Take Control Of Your Retirement: Starting An IRA Is Just The First Step

There's a great deal of financial advice currently available to the public in regard to building a nest egg upon which a future retirement can be built, but much of that information is focused on investing in an IRA. Many people believe that taking that first step will ensure an adequate financial safety net, but that's not always the case. Instead of relying on good fortune to bolster that nest egg, learn how to use that IRA to take a more active part in building your retirement fortune.

Choosing The Right Investments Means Choosing Your Path To Success

While opting for high risk/high yield investments may grow your IRA quickly and effortlessly, The Motley Fool warns that it can also lead to financial ruin without much warning. Instead, it's recommended that a mix of high risk stocks and more conservative investments is the best way to ensure a more likely path to success.

An additional incentive toward picking proven growers comes in the way that the IRS treats investments at tax time. Currently, stock investors can expect to pay a maximum of 15%, while other investments like CDs and bonds are taxed at a rate of 35%.

Of course, that tax break only counts for as long as the stocks remain a part of the IRA portfolio. Once it's sold or money is withdrawn, the account holder can expect to pay that full 35% rate.

Instead, it's recommended that the higher taxed bonds be placed in the IRA account, while leaving stock picks in a taxable account. Even if everything is sold upon retirement, the account holder will still get a tax break and pay less to the government in the long run.


Take Better Control Of Your Retirement Savings

One way to get a tighter reign on your retirement is by opting for a self directed IRA account, though, as Equity Trust shares, that's an option few are aware of outside of the financial sector. While the option to take a hands-on approach has been around just as long as the 1974 launch of IRA accounts themselves, banks and brokerage firms prefer to keep their clients earning a steady revenue with more traditional investments.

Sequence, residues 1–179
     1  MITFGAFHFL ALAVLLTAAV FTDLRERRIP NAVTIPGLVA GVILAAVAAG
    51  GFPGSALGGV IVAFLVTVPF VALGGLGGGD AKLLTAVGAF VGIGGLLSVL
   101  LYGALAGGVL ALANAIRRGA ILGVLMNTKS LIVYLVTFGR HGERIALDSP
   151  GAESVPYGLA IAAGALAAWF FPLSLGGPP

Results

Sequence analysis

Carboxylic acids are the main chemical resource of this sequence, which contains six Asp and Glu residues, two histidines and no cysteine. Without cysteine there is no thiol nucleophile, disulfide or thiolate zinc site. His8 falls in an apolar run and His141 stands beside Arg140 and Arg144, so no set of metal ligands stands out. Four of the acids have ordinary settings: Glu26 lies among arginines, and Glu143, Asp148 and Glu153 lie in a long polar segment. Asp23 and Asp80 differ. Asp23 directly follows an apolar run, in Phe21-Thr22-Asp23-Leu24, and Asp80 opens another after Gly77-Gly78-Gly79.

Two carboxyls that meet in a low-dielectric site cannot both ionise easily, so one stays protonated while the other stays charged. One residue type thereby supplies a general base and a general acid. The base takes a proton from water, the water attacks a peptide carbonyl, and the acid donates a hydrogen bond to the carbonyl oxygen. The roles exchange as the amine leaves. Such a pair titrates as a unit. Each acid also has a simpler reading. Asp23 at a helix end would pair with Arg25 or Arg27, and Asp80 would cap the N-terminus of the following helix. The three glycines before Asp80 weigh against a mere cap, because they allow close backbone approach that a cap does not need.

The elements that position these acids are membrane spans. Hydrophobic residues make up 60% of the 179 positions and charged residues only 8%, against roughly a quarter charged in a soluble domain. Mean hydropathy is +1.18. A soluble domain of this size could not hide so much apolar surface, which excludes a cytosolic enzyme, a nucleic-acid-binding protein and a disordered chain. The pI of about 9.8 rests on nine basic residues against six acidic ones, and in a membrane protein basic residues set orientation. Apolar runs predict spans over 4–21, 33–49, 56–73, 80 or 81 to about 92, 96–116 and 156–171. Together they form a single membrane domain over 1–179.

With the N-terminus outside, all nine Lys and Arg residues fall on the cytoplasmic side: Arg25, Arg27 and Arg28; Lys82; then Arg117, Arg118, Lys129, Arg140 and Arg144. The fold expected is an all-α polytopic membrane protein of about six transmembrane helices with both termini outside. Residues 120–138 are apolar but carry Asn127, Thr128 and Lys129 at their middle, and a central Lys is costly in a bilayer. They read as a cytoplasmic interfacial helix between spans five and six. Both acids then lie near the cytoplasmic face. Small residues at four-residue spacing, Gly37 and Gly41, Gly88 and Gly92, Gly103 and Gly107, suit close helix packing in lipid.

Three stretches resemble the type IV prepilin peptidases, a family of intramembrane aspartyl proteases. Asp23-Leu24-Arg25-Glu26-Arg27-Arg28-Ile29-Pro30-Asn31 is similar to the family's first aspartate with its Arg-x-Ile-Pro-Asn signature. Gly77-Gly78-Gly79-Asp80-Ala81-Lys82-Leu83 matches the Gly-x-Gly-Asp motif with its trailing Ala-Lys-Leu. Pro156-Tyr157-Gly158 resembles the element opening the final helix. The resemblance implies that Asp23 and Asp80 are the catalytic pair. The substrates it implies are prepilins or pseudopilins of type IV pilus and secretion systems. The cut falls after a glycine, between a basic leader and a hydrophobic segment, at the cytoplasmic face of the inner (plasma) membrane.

Self-directed IRAs are more alluring, because they combine the investor's own knowledge of his/her investments with the power of compounding interest. The freedom of choice and that powerful interest incentive has the potential to create lasting wealth for one's retirement.

One word of warning is offered, however. Before proceeding, investors should familiarize themselves with the rules regarding self-directed IRAs. As with more widely recognized retirement options, the IRS has a complete list of rules governing the participation in this type of investing account.


Once You've Started Making Money - Don't Lose It!

As your retirement nest egg begins to grow, there can be a threat of loss, much as was experienced with the Great Recession of the late 2000s. Time warns that even a modest decline in stock values can result in a gradual loss of modest retirement funds. As much as 10% of one's savings can be lost in the time that it takes to make necessary changes.

Instead, a closer eye and a more protective guardianship of the IRA is recommended. The tendency, which was confirmed with the recession, is to completely withdraw from the market and avoid reinvesting, even after the market has discovered.

This is taking things to the opposite extreme and can be just as disastrous. Instead, ease back on the percentage of stocks in one's IRA portfolio, scaling it back to about 30% to ensure growth, while also limiting loss. As your IRA account experiences growth, gradually increase that up to 60% over the course of 15 years.

Also, eliminate high risk, low yield stocks from the mix. While these kinds of investments have the potential of delivering a big payout, it's far more likely that they won't perform or may even cost the investor considerable capital.

Perhaps consider replacing those junk stocks with high grade bonds. Even in a bear market, these bonds tend to deliver a 5% gain on investment capital.

In the end, growing and maintaining a healthy IRA is the responsibility of the individual, so it's wise to consider all of the advice available from unbiased sources. A healthy mix of caution and risk ensures an ability to grow that retirement nest egg, while limiting the possibility of significant loss.

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